Jamie-Lynn's social isolation grew, because of her own defensiveness and her classmates' insensitivity. "Some people I knew would say, 'Yuck, she looks disgusting,'" she says. "They're almost happy to see something wrong with you when you're Miss Perfect. But I'm sure half the time they said that, unfortunately, it was out of jealousy, because they wanted to be that thin too." Later, working with a therapist, Jamie-Lynn found the courage to confront those people who were judging her behind her back. "I'd say, 'If you really want to know what's going on in my life, come talk to me and I'll tell you.'"

Jamie-Lynn avoided mirrors just as she avoided discussing or even admitting she had a problem. She did step on the scale every morning to watch her weight plummet. Her particular disorder, Sacker explains, is called exercise bulimia–excessive exercise, at least two to four hours a day, with a direct correlation between the number of calories consumed and the amount of exercise required to "purge" them. "It was like obsessive-compulsive disorder," Jamie-Lynn says. "I had to do this ritual. You feel like your life will end if you don't."

But the ritual itself was becoming life-threatening. According to Sacker, eating disorders may have the highest mortality rate of all mental illnesses– he fears as high as 20 percent. "Few people realize that," says Sacker, "because the cause of death is listed as heart failure, kidney failure, liver failure"–not an eating disorder.

The lowest point came on a Saturday morning in April 1998.Jamie-Lynn and her parents had planned to leave at 10 A.M. to drive into New York City, in-line skate, have lunch and return home. Jamie-Lynn even let herself sleep in, thinking she'd exercise when she came back. But when they hit the road a half hour late, she began to panic. "I was in the backseat, crying, worrying about when I would eat–because part of my ritual was to write down everything I was going to eat and when I would eat it and when I would exercise, and that I had to be asleep by 10:30 that night because I had to wake up at 4 the next morning," Jamie-Lynn says. "At the same time, I was thinking, 'How did I get to this point? Why can't I be 16 and happy?' Finally, I told my parents, 'l can't do this anymore. I don't want to live anymore.'" Steve pulled over, and Jamie Lynn at last confessed that she had a problem. "Literally, the second I said, 'l have an eating disorder,' it felt like a ton of bricks had been lifted off my shoulders."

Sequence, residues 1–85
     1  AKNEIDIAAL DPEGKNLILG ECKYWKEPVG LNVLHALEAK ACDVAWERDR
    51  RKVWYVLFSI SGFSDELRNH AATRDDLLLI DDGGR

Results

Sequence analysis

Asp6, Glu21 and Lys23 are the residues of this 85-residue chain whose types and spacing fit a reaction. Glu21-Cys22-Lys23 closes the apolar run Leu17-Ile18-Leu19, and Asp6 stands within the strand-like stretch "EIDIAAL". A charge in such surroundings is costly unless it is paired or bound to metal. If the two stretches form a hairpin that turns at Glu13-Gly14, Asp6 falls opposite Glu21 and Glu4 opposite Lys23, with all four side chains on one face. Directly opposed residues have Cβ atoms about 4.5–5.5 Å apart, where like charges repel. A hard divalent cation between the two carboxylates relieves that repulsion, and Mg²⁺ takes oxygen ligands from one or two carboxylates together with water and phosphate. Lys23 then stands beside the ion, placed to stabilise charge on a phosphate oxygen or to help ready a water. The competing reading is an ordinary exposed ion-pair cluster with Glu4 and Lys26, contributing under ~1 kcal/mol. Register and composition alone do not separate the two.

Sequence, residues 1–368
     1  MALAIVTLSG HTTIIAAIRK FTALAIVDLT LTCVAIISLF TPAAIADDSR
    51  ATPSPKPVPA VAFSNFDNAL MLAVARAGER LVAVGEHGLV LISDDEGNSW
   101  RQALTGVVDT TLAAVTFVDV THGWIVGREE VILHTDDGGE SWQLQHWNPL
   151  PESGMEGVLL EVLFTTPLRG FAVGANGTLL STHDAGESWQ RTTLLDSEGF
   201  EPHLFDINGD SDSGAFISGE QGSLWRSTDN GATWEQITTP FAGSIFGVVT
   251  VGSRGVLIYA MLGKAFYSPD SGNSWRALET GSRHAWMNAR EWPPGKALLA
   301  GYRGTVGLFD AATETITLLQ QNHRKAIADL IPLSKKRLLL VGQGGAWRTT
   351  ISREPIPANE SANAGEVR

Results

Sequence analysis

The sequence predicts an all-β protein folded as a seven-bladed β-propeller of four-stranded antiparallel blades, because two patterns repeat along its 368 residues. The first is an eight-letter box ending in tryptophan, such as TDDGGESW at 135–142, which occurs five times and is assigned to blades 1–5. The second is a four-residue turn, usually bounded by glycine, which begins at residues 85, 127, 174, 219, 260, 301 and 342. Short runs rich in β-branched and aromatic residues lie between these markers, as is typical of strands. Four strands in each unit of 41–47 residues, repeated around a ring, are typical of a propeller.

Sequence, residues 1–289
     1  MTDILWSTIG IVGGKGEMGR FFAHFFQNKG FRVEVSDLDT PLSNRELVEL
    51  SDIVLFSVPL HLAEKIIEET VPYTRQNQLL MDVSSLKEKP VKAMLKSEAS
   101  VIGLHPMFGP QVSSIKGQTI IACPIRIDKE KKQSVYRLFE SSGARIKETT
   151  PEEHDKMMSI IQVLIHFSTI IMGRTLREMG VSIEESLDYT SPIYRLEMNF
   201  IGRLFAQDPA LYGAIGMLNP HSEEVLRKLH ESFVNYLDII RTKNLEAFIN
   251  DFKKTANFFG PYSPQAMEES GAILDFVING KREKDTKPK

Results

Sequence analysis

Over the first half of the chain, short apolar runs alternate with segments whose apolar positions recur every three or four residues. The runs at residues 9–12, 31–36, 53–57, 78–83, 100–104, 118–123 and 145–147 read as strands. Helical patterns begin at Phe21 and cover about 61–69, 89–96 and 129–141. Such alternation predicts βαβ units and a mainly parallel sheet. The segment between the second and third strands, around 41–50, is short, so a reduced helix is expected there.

Once Jamie-Lynn had faced her problem, she was eager to be well. Over the next five months, with the help of a psychotherapist and a nutritionist, she worked toward achieving a more moderate, healthy lifestyle–eating more, exercising less, thinking less about both, and most important, regaining confidence in herself.

But recovery–both physical and psychological–came gradually. In May she and her parents went to her brother Brian's graduation from the University of Michigan. (Brian, now 25, is at St. John's University School of Law, while Jamie-Lynn's other brother, Adam, 28, is a stockbroker.) When they arrived at the Detroit airport, Brian, who hadn't seen his sister in six months, didn't recognize her. That weekend, Jamie-Lynn made an effort to eat–a slice of cake at the reception, chips and soda that night at Brian's fraternity house. "But the next morning when I woke up, I was convinced I was not going to be able to fit into any of my clothes," she says. She hurried off to exercise, leaving her mother in tears.

When Jamie-Lynn, at about 95 pounds, returned to The Sopranos that fall to shoot the first season, she was so scared about losing her job that she started eating everything in sight–not difficult on a set where baked ziti and chicken cacciatore are omnipresent. "l gained weight too fast, because my metabolism had literally shut down," she says. The warm, family-like atmosphere on the set did help ground Jamie-Lynn, her father remembers. "Being surrounded on a daily basis by such supportive people accelerated Jamie-Lynn's recovery process," he says.

Today Jamie-Lynn is back to a healthy weight and a healthy attitude about it–that is, she doesn't know exactly what her weight is. Whether she's playing Meadow, touring in the title role of Cinderella (as she did this past summer), promoting her debut album (Here to Heaven, released in October) or modeling with the Wilhelmina agency, Jamie-Lynn is determined not to let the pressures of celebrity get to her. "I'm not going to follow any kind of Hollywood model," she says.

She's become a spokesperson for Sacker's organization, HEED, and for the Alliance for Eating Disorders Awareness. She still likes to in-line skate, play sports and dance, but her life no longer revolves around exercise. She tries to maintain a balanced diet, eating when she's hungry and not counting calories. And she gives in to her sweet tooth. "l love any kind of fruity dessert. That's my downfall. Well, not downfall," she quickly corrects. "It's just what I like."

Jamie-Lynn is also back to her social-butterfly ways–which, it turns out, often involve eating. "l love going out with my friends for dinner," she says. "It's the best way to feel like a normal kid. Friends and I recently went out to celebrate finishing my album, and we had lots of great food–bruschetta, steak, and for dessert, my favorite–apple pie!" she says. "It was a time I can remember with a smile, and not an instance when I was too wrapped up in counting calories to enjoy it."

Of course there are still tough days now and then. "You're depressed, and everybody is getting on your nerves and you feel like everything's wrong in your life. Sometimes I look in the mirror and go, 'Ugh, my ass looks fat,' Jamie-Lynn says. "The truth of the matter is, the eating disorder is always going to be with me. But what I went through was traumatic enough and enough of a learning experience that I would never fall so deeply again. I'm so much happier now."